| We mentioned last week that it’s already time to get ready for the 2009 bear season, and if you haven’t started organizing your bait sites you certainly should start thinking about it. The bear hunting season is only a few weeks away and will be here before you know it.
The same goes for the Expanded Archery Season, which opens Sept. 12. Hunting is allowed in specific areas of Bangor, Augusta, Waterville and other regions where deer numbers are high, gun hunting is not allowed and deer damage (to shrubs or vehicles) is a problem.
It’s probably a good bet that most archers haven’t even seen their bows and arrows since last season ended. If that’s the case, now is the time to dust off your gear and start practicing again. Most hunters now use mechanical bows, and anything mechanical is going to fail or at least show signs of wear after months and years of use. This is the time to take your bow to the local pro shop for tuning and adjusting. Strings stretch, cables twist and cams wobble over time, and you don’t want to find out that you have a malfunction as you draw down on the biggest buck of the season. Have your bow checked out by a manufacturer’s certified technician now! The fee for such work is minimal (most techs will do the job while you wait, sometimes for free if you purchase a few arrows, broadheads or other gear).
Most folks aren’t aware that a new Maine law allows crossbow hunting for persons 16 years of age or older to hunt bear with a crossbow during the bear hunting season, or to hunt deer with a crossbow during the open firearm season on deer.
A resident or non-resident 10 years of age or older and under 16 years of age may hunt with a crossbow if that person holds a valid junior hunting license (no crossbow license required).
A crossbow may not be used to hunt deer during the archery season on deer, muzzleloading season on deer or the expanded archery season on deer, but those opportunities should be allowed later as it’s shown that crossbow use is not going to decimate the deer herd, as some opponents suggest.
I’ve hunted with a crossbow for several years and have had great luck with it. Per the manufacturer’s recommendation, I sent it back to them recently for (free) routine tuning. It came back with a new string, tightened cables and new cams and it shoots better now than when it was new! It’s a great piece of equipment and I enjoy using it.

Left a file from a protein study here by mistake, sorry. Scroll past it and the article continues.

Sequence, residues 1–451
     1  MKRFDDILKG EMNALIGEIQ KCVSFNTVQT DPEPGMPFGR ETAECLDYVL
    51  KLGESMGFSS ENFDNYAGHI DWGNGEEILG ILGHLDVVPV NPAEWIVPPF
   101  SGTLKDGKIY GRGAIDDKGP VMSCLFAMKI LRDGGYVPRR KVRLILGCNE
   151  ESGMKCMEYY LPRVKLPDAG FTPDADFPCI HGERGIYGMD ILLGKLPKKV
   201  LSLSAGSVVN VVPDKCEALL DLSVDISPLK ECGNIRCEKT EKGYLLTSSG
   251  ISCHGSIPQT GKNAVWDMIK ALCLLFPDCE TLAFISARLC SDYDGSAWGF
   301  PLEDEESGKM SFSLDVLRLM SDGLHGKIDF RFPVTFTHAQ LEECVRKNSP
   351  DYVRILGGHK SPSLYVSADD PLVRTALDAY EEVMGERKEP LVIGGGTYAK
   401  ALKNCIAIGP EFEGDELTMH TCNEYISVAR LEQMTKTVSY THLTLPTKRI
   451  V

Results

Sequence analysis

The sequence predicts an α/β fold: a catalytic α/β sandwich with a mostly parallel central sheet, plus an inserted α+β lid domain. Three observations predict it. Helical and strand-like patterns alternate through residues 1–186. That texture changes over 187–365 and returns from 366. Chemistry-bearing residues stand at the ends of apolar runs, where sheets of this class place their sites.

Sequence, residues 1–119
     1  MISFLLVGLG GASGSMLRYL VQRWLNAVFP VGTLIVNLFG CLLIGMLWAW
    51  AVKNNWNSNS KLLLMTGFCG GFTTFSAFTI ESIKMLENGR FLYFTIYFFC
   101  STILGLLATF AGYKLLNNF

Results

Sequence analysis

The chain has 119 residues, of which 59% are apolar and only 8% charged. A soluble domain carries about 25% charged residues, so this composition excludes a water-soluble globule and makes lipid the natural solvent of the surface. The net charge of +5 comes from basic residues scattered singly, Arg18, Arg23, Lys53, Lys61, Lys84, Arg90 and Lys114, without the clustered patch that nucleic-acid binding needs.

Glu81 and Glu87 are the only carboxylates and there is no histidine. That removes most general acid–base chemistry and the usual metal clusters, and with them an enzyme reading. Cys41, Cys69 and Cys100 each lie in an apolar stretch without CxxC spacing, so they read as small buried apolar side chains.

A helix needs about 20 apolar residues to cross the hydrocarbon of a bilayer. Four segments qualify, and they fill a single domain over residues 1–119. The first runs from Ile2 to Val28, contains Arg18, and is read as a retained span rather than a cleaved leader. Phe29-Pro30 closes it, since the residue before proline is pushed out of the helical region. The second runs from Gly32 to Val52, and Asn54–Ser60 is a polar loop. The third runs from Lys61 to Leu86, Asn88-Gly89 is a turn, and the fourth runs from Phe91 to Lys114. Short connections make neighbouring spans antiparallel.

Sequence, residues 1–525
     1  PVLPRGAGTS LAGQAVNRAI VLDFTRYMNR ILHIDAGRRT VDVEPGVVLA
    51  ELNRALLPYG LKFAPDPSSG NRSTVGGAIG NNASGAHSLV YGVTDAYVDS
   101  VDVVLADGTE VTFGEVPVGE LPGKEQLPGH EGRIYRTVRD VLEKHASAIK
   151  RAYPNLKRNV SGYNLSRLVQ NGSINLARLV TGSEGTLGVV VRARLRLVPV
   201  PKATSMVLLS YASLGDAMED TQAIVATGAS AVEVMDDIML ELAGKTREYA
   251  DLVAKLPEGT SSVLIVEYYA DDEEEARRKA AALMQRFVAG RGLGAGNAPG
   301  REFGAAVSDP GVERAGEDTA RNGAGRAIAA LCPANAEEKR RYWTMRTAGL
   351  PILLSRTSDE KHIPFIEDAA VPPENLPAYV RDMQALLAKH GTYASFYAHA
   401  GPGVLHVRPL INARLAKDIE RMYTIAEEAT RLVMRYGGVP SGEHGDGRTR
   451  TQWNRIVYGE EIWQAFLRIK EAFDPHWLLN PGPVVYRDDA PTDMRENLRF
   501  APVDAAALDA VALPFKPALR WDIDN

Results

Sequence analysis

No matter what type of bow you prefer stick bow, recurve, compound or crossbow you must become familiar with them and practice diligently so that, come hunting season, your arrows go where you want them to go. I shoot at least two dozen arrows a day in August with all of my bows. I have a take-down recurve bow made for me by Val Marquez (a Maine bowhunting expert), a compound bow and the crossbow. I shoot slowly and carefully, concentrating on form and follow-through, and by the end of most sessions I have to shoot one arrow at each target or I risk “robin hooding” too many (expensive!) arrows. This means I hit the nock of the first arrow with the second and ruin both arrows at the same time! It’s not so common with the recurve, but the compound bow and crossbow are neck-and-neck in that regard. Both are very accurate, and it’s not uncommon to have five or six arrows in a row pretty much hit the same spot, resulting in scarred arrows, shredded fletching and a reminder to shoot only one or two arrows at each target!
When it gets closer to the season, I will dress in my hunting clothes and practice on several targets at varying distances. Deer don’t always show up broadside at 20 yards, so it’s a good idea to anticipate the worst and be ready for it. I’ll also set targets at various distances from my tree stand and practice shooting down at anywhere from 30 to five yards. In fact, I’ll try a few straight-down shots as well, because I’ve had deer pass right under my stand during hunting season a much tougher shot than one might think!
Another enjoyable practice technique is what’s called “roving.” You simply grab a quiver full of old, disposable arrows armed with field tips and roam the woods looking for likely targets. Rotten stumps, fallen logs, moss heaps, grassy hummocks, ant hills . . . anything relatively soft that’s the size of a deer can work. The game is simple enough: just walk along, spot a potential target and then nock, draw and shoot an arrow at it just as you would if it were a deer.
Roving is a good way to practice shooting, keeps you in shape and offers a bit more variety than chunking endless dozens of arrows into the same old back-yard target.
Of course, you’ll want to rove safely. Be sure of your backdrops and expect to lose a few arrows in the process.
Now is the time, too, to do some scouting in the areas you intend to hunt this year. Don’t expect things to remain the same from year to year. Even small changes in habitat or development can affect the habits of deer, and a hotspot one year can be a dead spot the next. Get out there and look for signs of deer activity, watch deer in fields and see where they come into an opening and where they exit. Find good places to set up blinds or tree stands, snip a few shooting lanes and create some log or brush funnels to encourage deer to travel your way.
As you can see, there is plenty to do this month. Fall is looming on the horizon and before you know it another hunting season will be upon us. Get your gear ready, scout your hotspots and come up with a new, fool-proof plan for success this season.
Oh, and don’t forget to enjoy what’s left of summer!